The formation of the AU was an important moment in its history. First of all the successes and failures of the OAU were recognised by the founders of the AU. The OAU achieved some success in resolving crises between African states; however, it did not have the mechanisms to resolve civil wars. Secondly, the institutional changes were made to overcome OAU’s constraints. On the whole, OAU’s resolutions were not implemented at the country level. Member states understood the basis of the paralysis, not to intervene in member states ‘internal’ affairs. In its current structure the AU can now address and act on issues to do with, for instance, conflicts and genocide.
Now is the time the AU puts its policies to practice. One of the positive and most impressive steps the AU took recently is to build a memorial for victims of past conflicts in Africa which include the Rwanda genocide, the Ethiopian Red Terror, Apartheid, slave-trade and colonialism. The project is called the African Union Human Rights Memorial (AUHRM) project. It has set the AUHRM work in motion by planting a foundation stone for the memorial in front of the new AU building which was inaugurated on 28 January 2012. The inscription on the Foundation Stone reads:
For all the victims of human rights abuses in Africa, including those of the slave trade and colonialism, and particularly the genocide in Rwanda (1994), the Alem Bekagn prison massacres (1937 & 1974), the Red Terror (1977-78) in Ethiopia and Apartheid in South Africa.
Unveiled on the occasion of the commissioning of the AU conference and office complex, 18th summit of heads of state and government.
–Addis Ababa, 28 January 2012
Why does the AU need a memorial? The AUHRM signifies the fact that Africa now will have to face up to its violent history. During the 18th commemoration of the Rwanda genocide which was held at the AU, Dr Jean Ping, the Chairperson of the African Union Commission, summarised the need for a memorial by stating that ‘the annual commemoration is an occasion for us to reiterate our commitment to ensure that no more genocide occurs in Africa, now or in the future’. He stated that Africa was stunned by the Rwanda genocide. He also punctuated the fact that the whole world was stunned at this show of savagery. Admittedly, he said ‘there was guilt not only on the perpetrators but also on all of us who stood by and did nothing’.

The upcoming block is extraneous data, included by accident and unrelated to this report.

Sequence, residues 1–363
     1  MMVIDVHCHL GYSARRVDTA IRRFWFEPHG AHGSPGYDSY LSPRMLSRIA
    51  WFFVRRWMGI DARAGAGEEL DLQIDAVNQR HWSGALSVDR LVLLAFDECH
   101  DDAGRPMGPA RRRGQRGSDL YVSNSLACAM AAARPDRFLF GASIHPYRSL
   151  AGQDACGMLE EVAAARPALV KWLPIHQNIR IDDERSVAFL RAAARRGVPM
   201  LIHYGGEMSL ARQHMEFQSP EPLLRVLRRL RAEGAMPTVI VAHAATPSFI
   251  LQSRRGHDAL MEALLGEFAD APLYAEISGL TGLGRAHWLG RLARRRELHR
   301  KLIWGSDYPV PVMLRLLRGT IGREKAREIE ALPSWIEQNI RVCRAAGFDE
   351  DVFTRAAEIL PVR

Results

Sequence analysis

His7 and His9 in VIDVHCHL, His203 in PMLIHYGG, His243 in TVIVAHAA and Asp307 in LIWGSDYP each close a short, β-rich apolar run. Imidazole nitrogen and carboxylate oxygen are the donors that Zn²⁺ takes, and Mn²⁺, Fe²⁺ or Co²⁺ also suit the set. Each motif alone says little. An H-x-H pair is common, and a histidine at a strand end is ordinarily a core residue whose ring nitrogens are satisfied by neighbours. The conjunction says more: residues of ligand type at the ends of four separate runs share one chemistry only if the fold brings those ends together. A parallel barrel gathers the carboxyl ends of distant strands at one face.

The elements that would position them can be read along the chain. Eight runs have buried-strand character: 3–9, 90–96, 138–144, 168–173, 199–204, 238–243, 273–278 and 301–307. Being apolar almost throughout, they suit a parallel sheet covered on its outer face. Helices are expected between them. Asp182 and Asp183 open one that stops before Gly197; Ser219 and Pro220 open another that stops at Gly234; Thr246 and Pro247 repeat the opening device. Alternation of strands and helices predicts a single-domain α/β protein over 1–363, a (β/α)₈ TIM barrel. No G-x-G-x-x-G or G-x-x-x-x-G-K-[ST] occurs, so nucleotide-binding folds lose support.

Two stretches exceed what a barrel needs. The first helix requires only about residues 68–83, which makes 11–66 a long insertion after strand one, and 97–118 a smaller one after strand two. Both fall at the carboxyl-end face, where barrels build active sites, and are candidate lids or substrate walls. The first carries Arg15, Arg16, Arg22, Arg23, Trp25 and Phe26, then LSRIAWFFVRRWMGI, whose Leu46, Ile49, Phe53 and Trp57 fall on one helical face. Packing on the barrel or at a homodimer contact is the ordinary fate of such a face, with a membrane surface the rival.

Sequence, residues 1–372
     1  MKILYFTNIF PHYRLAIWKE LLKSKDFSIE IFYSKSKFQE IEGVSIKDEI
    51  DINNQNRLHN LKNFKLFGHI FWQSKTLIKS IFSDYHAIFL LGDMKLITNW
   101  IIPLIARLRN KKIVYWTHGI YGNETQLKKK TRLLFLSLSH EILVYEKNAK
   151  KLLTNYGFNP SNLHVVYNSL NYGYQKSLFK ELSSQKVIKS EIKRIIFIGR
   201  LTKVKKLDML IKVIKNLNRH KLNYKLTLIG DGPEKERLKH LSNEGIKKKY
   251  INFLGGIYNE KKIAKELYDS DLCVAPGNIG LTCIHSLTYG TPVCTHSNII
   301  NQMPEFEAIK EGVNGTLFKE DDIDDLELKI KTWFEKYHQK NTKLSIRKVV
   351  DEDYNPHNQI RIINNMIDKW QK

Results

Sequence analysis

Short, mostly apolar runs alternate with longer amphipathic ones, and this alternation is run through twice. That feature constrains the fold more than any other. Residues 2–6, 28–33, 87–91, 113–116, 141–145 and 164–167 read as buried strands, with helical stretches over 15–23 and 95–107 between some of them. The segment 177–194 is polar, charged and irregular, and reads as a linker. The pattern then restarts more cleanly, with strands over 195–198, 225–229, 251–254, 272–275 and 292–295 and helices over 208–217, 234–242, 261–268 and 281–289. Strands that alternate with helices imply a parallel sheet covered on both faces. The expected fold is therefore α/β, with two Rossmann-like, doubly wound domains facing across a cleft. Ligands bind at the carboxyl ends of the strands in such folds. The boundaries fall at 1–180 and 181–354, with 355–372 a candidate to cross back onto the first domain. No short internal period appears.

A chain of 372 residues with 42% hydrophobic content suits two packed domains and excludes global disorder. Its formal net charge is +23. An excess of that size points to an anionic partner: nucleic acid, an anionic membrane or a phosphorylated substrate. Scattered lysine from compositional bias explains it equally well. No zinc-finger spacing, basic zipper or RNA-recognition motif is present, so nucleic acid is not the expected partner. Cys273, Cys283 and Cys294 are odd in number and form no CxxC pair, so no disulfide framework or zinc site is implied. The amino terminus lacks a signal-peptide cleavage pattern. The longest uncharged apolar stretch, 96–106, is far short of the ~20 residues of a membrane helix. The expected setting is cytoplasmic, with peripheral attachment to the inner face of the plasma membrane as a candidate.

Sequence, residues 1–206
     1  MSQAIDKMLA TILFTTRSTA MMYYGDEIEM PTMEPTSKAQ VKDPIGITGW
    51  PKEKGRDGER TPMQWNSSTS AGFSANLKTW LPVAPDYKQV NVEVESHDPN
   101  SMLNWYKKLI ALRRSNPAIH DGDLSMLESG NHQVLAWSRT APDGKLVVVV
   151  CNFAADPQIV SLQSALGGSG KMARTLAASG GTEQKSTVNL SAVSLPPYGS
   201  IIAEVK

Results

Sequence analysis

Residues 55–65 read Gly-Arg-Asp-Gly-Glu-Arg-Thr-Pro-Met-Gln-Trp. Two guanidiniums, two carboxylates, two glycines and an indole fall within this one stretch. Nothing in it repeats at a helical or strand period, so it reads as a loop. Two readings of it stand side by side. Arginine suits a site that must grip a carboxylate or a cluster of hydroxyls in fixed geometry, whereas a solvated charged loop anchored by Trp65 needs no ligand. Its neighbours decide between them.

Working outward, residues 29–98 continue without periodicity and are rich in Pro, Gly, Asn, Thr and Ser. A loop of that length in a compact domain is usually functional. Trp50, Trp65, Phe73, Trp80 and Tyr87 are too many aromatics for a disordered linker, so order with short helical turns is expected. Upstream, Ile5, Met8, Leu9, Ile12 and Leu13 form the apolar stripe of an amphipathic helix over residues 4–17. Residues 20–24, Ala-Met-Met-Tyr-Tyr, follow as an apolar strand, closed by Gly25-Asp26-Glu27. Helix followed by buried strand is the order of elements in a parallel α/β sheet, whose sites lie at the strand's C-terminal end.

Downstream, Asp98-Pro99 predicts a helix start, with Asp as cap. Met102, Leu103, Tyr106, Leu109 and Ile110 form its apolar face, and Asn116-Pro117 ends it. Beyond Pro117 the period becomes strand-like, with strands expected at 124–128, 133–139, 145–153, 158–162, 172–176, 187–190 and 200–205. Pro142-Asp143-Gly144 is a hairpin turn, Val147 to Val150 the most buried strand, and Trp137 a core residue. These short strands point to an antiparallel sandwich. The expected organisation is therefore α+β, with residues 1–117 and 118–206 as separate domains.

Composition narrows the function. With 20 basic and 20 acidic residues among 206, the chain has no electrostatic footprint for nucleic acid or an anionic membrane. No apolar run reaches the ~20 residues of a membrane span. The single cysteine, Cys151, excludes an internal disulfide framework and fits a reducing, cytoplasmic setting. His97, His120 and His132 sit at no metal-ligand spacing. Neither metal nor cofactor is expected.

The 18th commemorative event, which was attended by member states, AU organs, national human rights institutions, intergovernmental organizations, civil society organizations and members of the AUHRM project, was organised by the Department of Political Affairs of the AUC, in collaboration with the authorities of the Rwanda Government under the theme ‘Learning from our history to build a bright future’. The main purpose was ‘to continuously awaken greater awareness of the African peoples and the international community about the value of life and humanity, and to help Africans renew their collective commitment to protect and uphold the fundamental human rights.’
Through this project the gates of memory are now open. Promises are made, plans are set in motion and one can safely imagine that the AU is set on the right course with the project. During the ceremony, Prof Andrias Eshete, the chairperson of the interim board of AUHRM project, delivered a short but poignant message that we all have the duty to remember the ugly past. The world will be watching as Africa, through the AU, strives to preserve its unity and restore the dignity of those whose lives were unnecessarily wasted in Rwanda and elsewhere. The Never Again campaign will truly mean something once the promised Human Rights Memorial stands facing the freshly inaugurated building of the AU complex.
(1) The cease-fire accord was signed on 12 July 1992, in Arusha, Tanzania, fixing a timetable for an end to the fighting and political talks, leading to a peace accord and power sharing, and authorizing a neutral military observer group under the auspices of the Organization for African Unity. The cease-fire took effect on 31 July 1992, and political talks began on 30 September 1992.
Tagsadvocacy Africa African Union arms trade atrocities AU book review Bosnia Burma conflict data corruption Democratic Republic of Congo Drugs Egypt Eritrea Ethiopia famine gender genocide Getting Somalia Wrong? human rights memorial Indonesia intervention Iraq justice Libya Mali masculinities mediation memorialization new wars Olympics peace political marketplace Re-Framing the Debate Somalia South Africa South Sudan Sudan Syria trafficking UN Unlearning violence Youth Zenawi